Epilepsy

Epilepsy is a neurological disorder that causes chronic seizures. These seizures can come out of nowhere and can happen often.

Allergies

Beagles are famous for developing allergies throughout their lives. This can result in skin rashes usually seen on their bellies, feet, and ears. You will notice if your Beagle is suffering from allergies because they will frequently lick their paws, rub their paw over their faces often, and may even develop chronic ear infections.

Cherry Eye

Cherry eys is a prolapsed gland in your dog’s tear duct. It will become red and inflamed, and although usually not extremely painful, it may make your Beagle uncomfortable, and they will start to paw at their faces.

Hypothyroidism

Hypothyroidism is a common disease in dogs and more common in the Beagle. It is a disease where the thyroid is underactive and will result in your dog’s body functions slowing down dramatically. Luckily, if caught in time, most of these issues can be treated by a vet through mediation and proper management.

FAQ

Here are some popular frequently asked questions, and their answers, regarding the life of a Beagle.

Can A Beagle Live For 20 Years?

Although seeing them hit 20 years old is not common, beagles are actually a fairly healthy breed of dog that is definitely capable of living for a long period of time. As long as they are taken care of properly and no traumatic accidents happen, it is possible to see beagles live 15-20 years.

What Is The Longest A Beagle Has Lived?

Incredibly Butch the Beagle lived to the ripe old age of 27 years. Although this is amazing, and the family was probably overcome with joy having the ability to spend all that time with their pet, living with such an aged dog isn’t an easy task. If this breed was only meant to live around 15 years or so, then imagine how many health conditions and care Butch probably received for his extra ten years on earth. If you were ever so lucky to have your pet live this long, it would be crucial to schedule frequent visits with their vet, give them a comfy spot to rest and sleep that will support their bones and joints, and feed them vitamins and nutrients, creating a strong and healthy body.

Which Breed Of Dog Lives The Longest?

The answer depends on what sources you look at. However, the most noted response is smaller breeds. The larger the dog gets in size, the shorter the life span seems to be. Here is a list of the top 10 longest-living dogs. (and yes, the Beagle is on it.)
  • Yorkie- 16 to 20 years
  • Lhasa Apso- 14 to 20-years
  • Chihuahua- 14 to 20 years
  • Toy Poodle- 14 to 20 years
  • Dachshund- 14 to 20 years
  • Cockapoo-12 to18 years
  • Beagle-12 to 17 years
  • Pomeranians- 12 to 16 years
  • Shih Tzu -10 to16 years
  • Jack Russell- 10 to 16 years
As long as these breeds are well cared for, given the proper diets, and plenty of exercises, your family will be able to enjoy them for many, many years.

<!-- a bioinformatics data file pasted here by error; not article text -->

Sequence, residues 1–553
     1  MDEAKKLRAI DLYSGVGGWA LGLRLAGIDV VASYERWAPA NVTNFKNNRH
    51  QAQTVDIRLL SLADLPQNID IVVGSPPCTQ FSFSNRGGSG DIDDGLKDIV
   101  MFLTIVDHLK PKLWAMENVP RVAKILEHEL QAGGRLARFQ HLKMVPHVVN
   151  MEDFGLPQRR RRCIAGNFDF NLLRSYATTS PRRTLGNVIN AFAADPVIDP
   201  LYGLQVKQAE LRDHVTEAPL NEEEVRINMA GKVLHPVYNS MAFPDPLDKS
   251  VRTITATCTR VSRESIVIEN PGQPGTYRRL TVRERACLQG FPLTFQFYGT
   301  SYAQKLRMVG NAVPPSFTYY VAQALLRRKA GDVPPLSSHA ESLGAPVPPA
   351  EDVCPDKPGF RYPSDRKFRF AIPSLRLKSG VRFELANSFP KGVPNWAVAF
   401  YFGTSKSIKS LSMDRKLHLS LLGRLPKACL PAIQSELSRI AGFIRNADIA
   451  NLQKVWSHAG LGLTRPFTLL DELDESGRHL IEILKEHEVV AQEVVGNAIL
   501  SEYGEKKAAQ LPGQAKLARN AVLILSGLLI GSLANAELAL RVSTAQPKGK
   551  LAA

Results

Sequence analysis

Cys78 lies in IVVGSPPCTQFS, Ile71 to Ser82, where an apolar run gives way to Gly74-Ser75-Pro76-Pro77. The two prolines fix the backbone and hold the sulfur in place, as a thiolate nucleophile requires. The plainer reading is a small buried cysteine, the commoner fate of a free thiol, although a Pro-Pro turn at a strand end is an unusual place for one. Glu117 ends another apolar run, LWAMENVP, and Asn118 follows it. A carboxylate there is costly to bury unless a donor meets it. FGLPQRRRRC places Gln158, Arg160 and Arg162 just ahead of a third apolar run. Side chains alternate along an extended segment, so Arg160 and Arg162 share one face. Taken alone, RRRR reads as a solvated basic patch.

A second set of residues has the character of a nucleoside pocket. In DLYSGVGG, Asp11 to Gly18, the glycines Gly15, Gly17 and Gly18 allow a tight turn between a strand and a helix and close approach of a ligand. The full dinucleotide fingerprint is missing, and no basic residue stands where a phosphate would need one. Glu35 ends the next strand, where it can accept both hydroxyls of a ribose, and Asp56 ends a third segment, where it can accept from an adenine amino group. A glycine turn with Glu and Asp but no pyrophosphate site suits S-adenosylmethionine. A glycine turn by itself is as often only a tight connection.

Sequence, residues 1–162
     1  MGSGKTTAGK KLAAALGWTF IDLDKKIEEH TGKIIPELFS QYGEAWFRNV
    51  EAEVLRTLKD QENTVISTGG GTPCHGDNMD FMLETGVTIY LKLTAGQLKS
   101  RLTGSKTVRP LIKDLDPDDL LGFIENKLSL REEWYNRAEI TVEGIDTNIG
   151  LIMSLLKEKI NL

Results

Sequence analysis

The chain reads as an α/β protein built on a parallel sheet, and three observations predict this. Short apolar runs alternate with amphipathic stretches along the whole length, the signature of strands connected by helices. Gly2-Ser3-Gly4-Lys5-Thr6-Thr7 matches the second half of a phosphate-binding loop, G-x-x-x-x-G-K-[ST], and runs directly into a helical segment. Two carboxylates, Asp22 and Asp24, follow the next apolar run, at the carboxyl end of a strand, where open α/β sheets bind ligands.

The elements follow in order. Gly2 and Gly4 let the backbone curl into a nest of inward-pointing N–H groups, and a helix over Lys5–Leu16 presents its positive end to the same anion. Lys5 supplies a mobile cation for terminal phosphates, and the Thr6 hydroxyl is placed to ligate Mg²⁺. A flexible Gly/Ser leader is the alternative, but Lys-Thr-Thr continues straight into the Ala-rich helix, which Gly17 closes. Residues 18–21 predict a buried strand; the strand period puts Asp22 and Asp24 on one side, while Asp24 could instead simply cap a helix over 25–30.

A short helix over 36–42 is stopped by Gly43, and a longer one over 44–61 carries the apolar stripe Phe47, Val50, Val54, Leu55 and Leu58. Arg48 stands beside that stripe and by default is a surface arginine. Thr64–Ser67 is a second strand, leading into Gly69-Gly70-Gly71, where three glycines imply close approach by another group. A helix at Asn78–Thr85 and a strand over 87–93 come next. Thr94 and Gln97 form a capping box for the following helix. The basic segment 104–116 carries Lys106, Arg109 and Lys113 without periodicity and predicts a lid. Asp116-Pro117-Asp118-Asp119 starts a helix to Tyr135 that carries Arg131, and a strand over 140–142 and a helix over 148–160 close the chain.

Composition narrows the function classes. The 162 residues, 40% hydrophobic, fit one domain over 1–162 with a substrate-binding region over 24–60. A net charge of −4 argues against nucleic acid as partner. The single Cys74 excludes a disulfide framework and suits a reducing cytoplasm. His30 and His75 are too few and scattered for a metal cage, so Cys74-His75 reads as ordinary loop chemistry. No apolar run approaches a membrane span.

What Breed of Dogs Have the Shortest Life Spans?

As you can imagine, the larger the dog breed, the shorter their life expectancy becomes. Here is a list of the top 10 dogs who have the shortest years in this world.
  • Scottish DeerHound- 8-11 Years
  • Saint Bernard- 9 ½ -10 years
  • Bullmastiff: 9-10 years
  • Newfoundland- 9- 9 ½  years
  • Great Dane- 8 ½ -9 years
  • Greater Swiss Mountain Dog- 8 -9 years
  • Mastiff: 8-9 years
  • Irish Wolfhound: 7-8 years
  • Bernese Mountain Dog- 7-9 years
  • Rottweiler- 7-9 Years

Can Beagles Get the Coronavirus?

One of the biggest questions being asked frequently is the chances of your dog getting Covid-19. The answer may actually shock you. Scientific studies suggest that it is possible for humans to pass the Corna Virus to their pets. Due to the lack of studies and information out there, it is unknown at this time how serious the virus can affect your dog and whether or not animals can spread the virus to other animals, or even if dogs can spread the virus to a human. Nonetheless, there have been multiple reports in the last year of dogs testing positive for Corna, and the CDC suggests that those infected should try and stay away from their pets while they are still contagious.

Want To Train Your Beagle With Peace Of Mind?

If you haven’t trained your Beagle properly, then this is the perfect time to start. Whatever bad behavior your shepherd has, whether it’s barking at night or other bad behaviors, using the right training program is the key to having an obedient and happy pup. The training program I love and highly recommend is Brain Training For Dogs. With Brain Training For Dogs you’ll save yourself a ton of time and effort. Instead of banging your head against the wall trying to figure out why your dog won’t listen, you’ll follow a path that has been tried, tested, and most importantly, that’s given proven results. Not to mention the fact, you’ll be able to fit the course around your schedule, not fit your schedule around a trainer or obedience class. So instead of worrying about whether they’re going to be well-behaved or not, you’ll only have to worry about how much fun you’ll have with them! And in most cases it’s still going to be:
  • Cheaper than hiring a professional.
  • Cheaper than replacing everything they might break.
  • And definitely cheaper than a lawsuit against you, if they decide to bite someone.
Just imagine how great it will feel to finally be able to trust your Beagle completely and never worry whether they’ll be naughty or not. Instead, you’ll have the peace of mind that you have a well-behaved pup, and the boundaries you set for them, will always be there, EVEN IF YOU’RE NOT. And the best part is it also has a 60-day money-back guarantee! So there’s no reason not to give Brain Training For Dogs a try! So if you’re tired of your dog’s bad behavior, or how they react around other people and pooches, then give it a try! You’ll be amazed by the results! (You can also check out a full review here, to learn exactly what the course has to offer!)

Conclusion

There is so much to consider when you are discussing the lifespan of a Beagle. Unfortunately, it is more often than not this bred meets their fate way before their time. Many times uneducated owners will unknowingly do things that can shorten the lifespan of their Beagle. As a pet owner, it is your responsibility to make sure you have obtained all the information necessary to offer your Beagle the longest healthiest life possible.